By Ben Donohue & Olivia Ortegon
Each year, the U.S. Department of Defense (DoD) awards funds for research in higher education through its Defense University Research Instrumentation Program (DURIP). In 2018, Dr. Ali Bazzi, from UConn’s Center for Clean Energy Engineering and Electrical and Computer Engineering department, received a DURIP award for his project, “High-voltage High-frequency Power Electronic Testbed for Naval Propulsion Drives Research.” He has since been working in his DURIP lab in UConn’s Center for Clean Energy Engineering, where he has created his own unique testbed, a platform used for testing electric machines, insulation material, cables, control methods, and health monitoring techniques.
What makes this an exciting project is this new testbed features an inverter that has never been created before. It is able to convert 7.2 kilovolts DC to AC at any desired voltage, within a certain range. It can also handle up to 100 kilowatts of power using SiC semiconductor technology.
No one has developed an inverter with the same qualifications, and it has proved to be a monumental task. When asked about any challenges he had faced over the past three years, Dr. Bazzi mentioned that finding the right people willing to build this special equipment was the biggest difficulty. He and his team reached out to five different industry leaders with experience building medium-voltage converters, but none of them were up for the challenge due to extremely high engineering costs. However, Dr. Bazzi finally found his match: Cougar electronics, a Connecticut company that specializes in high-power electronics, was able to design and ship out the equipment using the help of its parent company in France, ARCEL. Another challenge was dealing with the pandemic. DURIP projects tend to take about one year, but due to delays in shipping and reduced lab capacities, this project has taken three years to come to fruition.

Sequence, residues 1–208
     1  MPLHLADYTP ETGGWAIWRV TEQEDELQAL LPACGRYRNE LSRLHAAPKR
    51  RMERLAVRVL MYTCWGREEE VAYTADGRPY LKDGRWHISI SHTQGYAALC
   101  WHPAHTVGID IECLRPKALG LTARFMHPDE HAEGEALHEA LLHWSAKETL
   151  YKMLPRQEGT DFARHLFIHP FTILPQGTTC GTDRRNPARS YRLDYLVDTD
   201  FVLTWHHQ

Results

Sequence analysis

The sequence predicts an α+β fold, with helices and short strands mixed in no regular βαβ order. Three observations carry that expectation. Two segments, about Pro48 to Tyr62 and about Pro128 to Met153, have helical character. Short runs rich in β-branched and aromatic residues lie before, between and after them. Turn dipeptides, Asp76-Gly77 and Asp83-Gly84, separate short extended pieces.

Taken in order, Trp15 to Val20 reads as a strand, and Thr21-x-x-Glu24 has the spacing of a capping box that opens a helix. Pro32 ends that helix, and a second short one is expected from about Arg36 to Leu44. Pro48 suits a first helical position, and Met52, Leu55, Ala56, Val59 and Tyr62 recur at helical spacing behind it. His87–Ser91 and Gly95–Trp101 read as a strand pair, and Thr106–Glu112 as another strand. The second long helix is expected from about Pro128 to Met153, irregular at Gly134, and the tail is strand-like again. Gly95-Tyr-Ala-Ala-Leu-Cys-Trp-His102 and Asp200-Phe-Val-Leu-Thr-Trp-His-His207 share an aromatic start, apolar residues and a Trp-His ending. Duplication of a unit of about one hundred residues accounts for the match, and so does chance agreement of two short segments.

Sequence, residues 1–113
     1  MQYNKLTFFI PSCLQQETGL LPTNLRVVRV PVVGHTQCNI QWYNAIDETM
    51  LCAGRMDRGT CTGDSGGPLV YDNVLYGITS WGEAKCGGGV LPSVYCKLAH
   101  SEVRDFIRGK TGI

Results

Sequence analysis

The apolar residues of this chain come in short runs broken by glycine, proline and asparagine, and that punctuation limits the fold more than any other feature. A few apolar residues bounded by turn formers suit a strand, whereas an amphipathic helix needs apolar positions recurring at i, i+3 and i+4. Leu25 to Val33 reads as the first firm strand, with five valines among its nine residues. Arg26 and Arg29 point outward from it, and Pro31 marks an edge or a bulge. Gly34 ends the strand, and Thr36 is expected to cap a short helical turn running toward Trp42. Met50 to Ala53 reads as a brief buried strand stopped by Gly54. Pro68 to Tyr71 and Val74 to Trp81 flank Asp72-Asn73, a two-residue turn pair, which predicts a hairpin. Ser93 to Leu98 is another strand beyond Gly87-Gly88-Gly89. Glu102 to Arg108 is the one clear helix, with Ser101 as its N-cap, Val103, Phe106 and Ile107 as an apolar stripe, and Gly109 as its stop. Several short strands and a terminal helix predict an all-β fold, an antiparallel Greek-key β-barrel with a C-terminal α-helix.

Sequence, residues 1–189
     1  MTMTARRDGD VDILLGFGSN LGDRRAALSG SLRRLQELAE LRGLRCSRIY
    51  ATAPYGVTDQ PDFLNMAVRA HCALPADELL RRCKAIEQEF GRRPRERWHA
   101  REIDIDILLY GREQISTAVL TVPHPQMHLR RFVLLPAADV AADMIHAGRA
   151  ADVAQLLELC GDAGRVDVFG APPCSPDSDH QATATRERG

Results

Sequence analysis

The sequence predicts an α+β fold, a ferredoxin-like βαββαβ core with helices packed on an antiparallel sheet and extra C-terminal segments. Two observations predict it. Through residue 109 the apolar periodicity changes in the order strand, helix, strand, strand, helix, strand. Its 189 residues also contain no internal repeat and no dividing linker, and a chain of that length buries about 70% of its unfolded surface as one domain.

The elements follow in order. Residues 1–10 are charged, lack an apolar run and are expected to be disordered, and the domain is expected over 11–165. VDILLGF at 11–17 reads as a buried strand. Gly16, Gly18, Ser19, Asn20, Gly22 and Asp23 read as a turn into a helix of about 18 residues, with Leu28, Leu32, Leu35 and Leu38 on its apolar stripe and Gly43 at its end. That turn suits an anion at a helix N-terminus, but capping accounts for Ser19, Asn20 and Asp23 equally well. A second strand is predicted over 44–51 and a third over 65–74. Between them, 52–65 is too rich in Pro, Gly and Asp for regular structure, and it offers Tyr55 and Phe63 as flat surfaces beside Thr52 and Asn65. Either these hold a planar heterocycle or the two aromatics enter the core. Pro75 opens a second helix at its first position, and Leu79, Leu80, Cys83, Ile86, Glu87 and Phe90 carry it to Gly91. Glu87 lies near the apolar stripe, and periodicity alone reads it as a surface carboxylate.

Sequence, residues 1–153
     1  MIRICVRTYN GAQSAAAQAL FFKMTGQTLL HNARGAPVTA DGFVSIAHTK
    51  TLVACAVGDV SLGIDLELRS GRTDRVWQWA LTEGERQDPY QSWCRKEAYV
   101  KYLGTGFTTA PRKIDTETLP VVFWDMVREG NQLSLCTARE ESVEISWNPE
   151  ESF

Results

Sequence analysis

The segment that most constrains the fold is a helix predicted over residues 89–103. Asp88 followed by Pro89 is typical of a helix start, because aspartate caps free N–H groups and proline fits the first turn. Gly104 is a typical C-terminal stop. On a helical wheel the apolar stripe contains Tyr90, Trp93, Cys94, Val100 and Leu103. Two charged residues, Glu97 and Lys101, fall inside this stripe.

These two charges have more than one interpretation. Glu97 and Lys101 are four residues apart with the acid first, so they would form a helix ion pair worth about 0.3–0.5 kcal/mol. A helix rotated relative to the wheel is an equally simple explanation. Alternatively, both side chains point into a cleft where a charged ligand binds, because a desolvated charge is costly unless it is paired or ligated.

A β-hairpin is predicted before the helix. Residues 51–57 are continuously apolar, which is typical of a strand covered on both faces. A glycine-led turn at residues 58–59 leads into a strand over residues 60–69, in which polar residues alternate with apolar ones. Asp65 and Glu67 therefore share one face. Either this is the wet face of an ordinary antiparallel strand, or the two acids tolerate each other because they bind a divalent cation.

Despite the challenges, Dr. Bazzi has seen great success. He mentions that his biggest accomplishment over the past three years was bringing this setup to UConn where he can conduct research to help enhance power electronics and motor drives in a variety of applications. Furthermore, Dr. Bazzi is excited how this project can benefit the Department of Defense (DoD) and how it can be used to evaluate and improve propulsion drives, which can be then utilized in naval applications. In evaluating propulsion drives, this project can be a game changer for designing and evaluating electric motor drives as well as increasing UConn’s visibility and capability in high end power research.
Regarding the role Dr. Bazzi’s research plays in educating students about the DoD, he explained how his students in his power electronics, electric machines, and drives courses can apply this knowledge and experience to aerospace, marine, and automotive applications as examples of the importance of machine drives and power electronics. Dr. Bazzi introduces his students to the evolution of transportation systems such as Navy ships and submarines, the aviation industry slowly switching to air taxis and more-electric aircraft, and the automotive industry shifting towards electric and hybrid cars. By doing this, Dr. Bazzi teaches his students to understand the benefits, challenges, and future of power electronics and how they can apply this knowledge in their careers outside of UConn.